I’d love to know how everyone else keeps track of all their social media and marketing skills.
Here’s the link for Alison’s very informative blog - its well worth a read: https://alisonmortonauthor.com/blog/
Saturday, 13 October 2018
What do 1976, 1984 and 2018 have in common? Along with a few other occasions, these are years when the Haweswater reservoir in Cumbria has dried out so much that the ruins of a village are exposed.
Mardale Green was demolished in the 1930s to make way for the reservoir, which is the main source of water for Manchester. A dam was built, and the small lake that had graced the valley expanded. A whole community was lost – farms, homes, roads, a church and a pub.
The villagers were compensated, but all had to move out after the dam was built , to see their homes destroyed and then lost beneath the water. Even the dead were moved – graves in the churchyard were exhumed and reburied elsewhere.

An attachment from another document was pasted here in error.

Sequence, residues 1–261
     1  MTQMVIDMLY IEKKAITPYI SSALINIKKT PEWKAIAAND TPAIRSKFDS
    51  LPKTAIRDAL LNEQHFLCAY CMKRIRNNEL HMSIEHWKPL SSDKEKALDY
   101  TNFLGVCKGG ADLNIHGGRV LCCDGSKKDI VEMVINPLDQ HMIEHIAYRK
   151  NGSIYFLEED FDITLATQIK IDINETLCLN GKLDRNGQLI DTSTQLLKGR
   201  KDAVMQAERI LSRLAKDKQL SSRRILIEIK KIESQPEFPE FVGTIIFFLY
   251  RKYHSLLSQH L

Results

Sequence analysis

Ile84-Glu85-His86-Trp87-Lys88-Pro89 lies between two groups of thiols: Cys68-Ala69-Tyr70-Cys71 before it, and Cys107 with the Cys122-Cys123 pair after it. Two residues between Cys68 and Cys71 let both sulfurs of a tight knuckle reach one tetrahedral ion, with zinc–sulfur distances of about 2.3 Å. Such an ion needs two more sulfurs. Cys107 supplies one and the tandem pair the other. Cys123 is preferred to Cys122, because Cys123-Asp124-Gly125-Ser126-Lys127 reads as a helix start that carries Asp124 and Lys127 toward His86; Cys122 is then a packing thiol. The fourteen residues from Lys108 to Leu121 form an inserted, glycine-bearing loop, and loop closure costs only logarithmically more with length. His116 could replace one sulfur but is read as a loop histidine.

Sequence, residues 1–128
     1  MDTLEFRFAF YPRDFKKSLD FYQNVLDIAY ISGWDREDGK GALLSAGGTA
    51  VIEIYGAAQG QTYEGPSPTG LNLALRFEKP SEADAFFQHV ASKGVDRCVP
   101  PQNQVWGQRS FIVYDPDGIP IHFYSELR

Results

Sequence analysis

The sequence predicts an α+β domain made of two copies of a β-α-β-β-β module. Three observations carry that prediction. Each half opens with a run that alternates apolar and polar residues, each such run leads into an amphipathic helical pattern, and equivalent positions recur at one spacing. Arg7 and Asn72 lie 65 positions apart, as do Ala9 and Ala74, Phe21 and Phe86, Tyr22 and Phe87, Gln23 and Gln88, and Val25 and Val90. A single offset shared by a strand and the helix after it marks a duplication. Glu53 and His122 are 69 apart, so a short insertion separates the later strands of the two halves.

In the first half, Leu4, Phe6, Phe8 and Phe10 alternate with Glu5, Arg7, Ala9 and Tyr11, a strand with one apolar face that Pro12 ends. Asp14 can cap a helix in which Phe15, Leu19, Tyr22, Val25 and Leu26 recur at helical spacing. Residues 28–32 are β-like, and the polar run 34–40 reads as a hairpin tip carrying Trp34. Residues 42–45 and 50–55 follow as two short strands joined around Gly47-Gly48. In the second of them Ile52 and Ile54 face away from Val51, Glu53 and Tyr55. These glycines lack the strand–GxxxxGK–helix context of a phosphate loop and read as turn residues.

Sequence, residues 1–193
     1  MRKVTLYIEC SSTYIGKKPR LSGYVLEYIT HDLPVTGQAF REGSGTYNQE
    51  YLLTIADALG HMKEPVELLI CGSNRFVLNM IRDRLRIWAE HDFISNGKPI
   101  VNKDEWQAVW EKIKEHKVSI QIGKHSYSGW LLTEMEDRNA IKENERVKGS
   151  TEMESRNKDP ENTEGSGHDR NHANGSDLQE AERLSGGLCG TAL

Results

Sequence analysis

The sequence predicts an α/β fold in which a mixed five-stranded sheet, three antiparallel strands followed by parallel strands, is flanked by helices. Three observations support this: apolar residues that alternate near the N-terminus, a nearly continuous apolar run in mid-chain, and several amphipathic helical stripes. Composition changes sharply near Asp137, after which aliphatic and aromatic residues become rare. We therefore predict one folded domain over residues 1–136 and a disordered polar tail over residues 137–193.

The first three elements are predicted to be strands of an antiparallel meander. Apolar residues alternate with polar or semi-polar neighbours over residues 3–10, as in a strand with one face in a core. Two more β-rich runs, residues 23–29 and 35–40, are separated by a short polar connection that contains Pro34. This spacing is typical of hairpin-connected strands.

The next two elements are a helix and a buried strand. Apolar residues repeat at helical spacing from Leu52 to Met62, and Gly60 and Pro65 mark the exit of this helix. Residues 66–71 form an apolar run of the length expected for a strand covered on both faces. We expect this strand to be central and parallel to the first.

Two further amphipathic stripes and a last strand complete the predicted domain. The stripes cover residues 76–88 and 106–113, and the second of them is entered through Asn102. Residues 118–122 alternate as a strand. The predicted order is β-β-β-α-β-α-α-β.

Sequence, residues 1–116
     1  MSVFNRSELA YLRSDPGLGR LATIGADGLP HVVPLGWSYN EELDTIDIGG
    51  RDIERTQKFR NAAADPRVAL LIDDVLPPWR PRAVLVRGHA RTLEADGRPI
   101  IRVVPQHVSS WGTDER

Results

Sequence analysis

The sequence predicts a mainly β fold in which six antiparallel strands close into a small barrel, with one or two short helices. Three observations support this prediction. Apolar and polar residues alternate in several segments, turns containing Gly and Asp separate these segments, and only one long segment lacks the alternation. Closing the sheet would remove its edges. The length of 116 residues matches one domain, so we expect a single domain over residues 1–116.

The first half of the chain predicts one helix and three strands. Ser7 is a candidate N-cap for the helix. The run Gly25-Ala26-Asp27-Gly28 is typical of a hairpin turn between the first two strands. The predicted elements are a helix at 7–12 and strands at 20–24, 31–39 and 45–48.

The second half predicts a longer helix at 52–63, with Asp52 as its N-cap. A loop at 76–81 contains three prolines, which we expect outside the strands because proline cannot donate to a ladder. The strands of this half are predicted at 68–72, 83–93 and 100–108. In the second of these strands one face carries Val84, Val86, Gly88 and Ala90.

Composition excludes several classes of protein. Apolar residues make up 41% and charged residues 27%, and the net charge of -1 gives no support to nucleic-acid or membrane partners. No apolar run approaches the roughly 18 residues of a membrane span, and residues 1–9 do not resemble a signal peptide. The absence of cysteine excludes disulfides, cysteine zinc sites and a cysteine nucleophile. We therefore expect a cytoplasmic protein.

When the reservoir dries out, the remains of walls are revealed, the outlines of cottages, dry stone walls marking old field boundaries, rusty iron gates. There’s even an intact stone bridge, that crossed the stream that ran through the valley, revealed when the water drops low enough.
I’m a long-time lover of the Lake District, and visited Haweswater in the spring of 2016, when the reservoir was full and the valley at its most beautiful. There was snow on the mountain tops and the previous year’s brown bracken on the slopes. Downstream of the dam the fields were lush and green, filled with the season’s new lambs.